A FORMER fireman who rowed 2,700 miles with a team across the Pacific Ocean said good humour got him through the challenge.
Darren Taylor, 42, from Charlbury, was part of the Battleborn team that finished second in the inaugural Great Pacific Race from California to Hawaii.
He spent 45 days at sea with three strangers in cramped conditions, but said camaraderie helped them succeed.
Dad-of-one Mr Taylor, an experienced sailor, who quit his job as a fireman at Oxford’s Rewley Road station for the challenge, said: “When you’ve got four people in a situation like that it could have gone horribly wrong, but we turned a terrible journey into humour.
“If it wasn’t life-threatening and wasn’t going to stop us getting to Hawaii then there was no point in getting annoyed.
“It was that attitude which allowed us not just to finish but to finish highly and we were really happy with what we achieved.”
The crew were one of 13 teams to set off on Monday, June 9, and among seven which finished on Friday, July 25.
They were 13 hours behind winners Uniting Nations and four days ahead of third place.
They rowed in two-hour shifts, slept in a small cabin on the 23ft by 6ft boat and used a device to remove salt from sea water for drinking.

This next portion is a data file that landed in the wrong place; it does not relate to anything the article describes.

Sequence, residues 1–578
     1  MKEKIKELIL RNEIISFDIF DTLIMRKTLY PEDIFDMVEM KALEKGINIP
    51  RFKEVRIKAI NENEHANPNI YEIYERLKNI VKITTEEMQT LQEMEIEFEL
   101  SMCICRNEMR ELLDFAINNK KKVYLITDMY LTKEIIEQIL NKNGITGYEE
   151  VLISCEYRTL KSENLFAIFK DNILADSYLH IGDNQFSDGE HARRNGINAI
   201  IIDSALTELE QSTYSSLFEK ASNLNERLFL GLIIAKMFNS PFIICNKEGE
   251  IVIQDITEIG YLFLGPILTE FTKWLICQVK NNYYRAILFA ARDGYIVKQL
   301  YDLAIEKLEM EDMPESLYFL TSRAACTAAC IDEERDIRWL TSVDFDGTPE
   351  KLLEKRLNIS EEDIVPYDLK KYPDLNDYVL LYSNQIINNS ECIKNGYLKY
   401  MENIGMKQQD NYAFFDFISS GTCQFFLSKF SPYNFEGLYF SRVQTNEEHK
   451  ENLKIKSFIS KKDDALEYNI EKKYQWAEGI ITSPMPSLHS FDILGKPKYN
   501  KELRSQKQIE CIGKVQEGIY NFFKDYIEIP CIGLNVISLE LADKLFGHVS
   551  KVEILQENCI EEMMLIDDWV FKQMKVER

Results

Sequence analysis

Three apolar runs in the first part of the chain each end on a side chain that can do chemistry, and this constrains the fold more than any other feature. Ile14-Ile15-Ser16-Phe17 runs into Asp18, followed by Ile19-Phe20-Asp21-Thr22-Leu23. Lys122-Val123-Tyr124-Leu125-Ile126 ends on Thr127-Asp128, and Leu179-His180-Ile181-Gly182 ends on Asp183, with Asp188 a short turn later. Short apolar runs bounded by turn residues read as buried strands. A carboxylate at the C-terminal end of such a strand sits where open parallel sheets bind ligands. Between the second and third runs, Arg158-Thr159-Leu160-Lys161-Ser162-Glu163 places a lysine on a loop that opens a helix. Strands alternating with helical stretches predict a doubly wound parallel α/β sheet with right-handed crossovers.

Food like macaroni cheese and spaghetti bolognese was freeze-dried and the crew used a bucket and bottles for the toilet. They endured several storms, with one snapping a carbon fibre oar, and nearly capsized on the fourth day.
Mr Taylor said: “It was probably one of the funniest and scarcest moments I’ve ever had.
“I saw one of the guys diving towards me – I didn’t know why to begin with but it turned out he saw my shoe was falling off.
“There were 30ft waves so you’ve got to have a pretty good presence of mind to think ‘there’s a shoe going overboard and we need that’.
“As soon as I saw that I knew I was going to make it because there was no panic at all and that made all the difference.”
Mr Taylor lost more than two stones in weight and wore a watch that monitors brain activity for Oxford Brookes University researchers to study.
He also raised almost £1,000 for new charity Spotlight Young Onset Parkinson’s Disease (YOPD), which helps people under 50 cope with the condition.
He had originally planned to row in a team with childhood friend Alex Flynn, from Goring in South Oxfordshire, who has the disease, but Mr Taylor found a new team when they pulled out due to a lack of funding.
The team were named after rock and pop band The Killers’ album Battle Born and received messages of support from the group and five-time Olympic rowing gold medallist Sir Steve Redgrave.
After reaching land Mr Taylor, who lives in Sturt Close with his partner Louisa Thomas, 39, and two of her three children, said he struggled to stand or close his fist for a week.
He added: “I’ve had a nice rest. I was away for three months so it was great to catch up with my partner and her children.”
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